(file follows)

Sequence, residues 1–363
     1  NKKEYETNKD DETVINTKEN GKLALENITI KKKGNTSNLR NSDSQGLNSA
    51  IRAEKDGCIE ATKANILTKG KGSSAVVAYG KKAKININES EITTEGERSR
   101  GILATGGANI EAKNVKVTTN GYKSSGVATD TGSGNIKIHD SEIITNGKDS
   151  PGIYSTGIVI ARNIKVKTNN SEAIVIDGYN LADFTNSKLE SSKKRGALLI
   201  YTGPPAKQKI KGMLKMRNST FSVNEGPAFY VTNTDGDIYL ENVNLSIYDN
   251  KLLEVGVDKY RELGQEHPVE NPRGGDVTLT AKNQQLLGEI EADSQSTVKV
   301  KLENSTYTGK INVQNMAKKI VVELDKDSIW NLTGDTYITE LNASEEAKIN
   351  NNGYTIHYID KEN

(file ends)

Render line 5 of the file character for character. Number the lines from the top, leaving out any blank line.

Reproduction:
   151  PGIYSTGIVI ARNIKVKTNN SEAIVIDGYN LADFTNSKLE SSKKRGALLI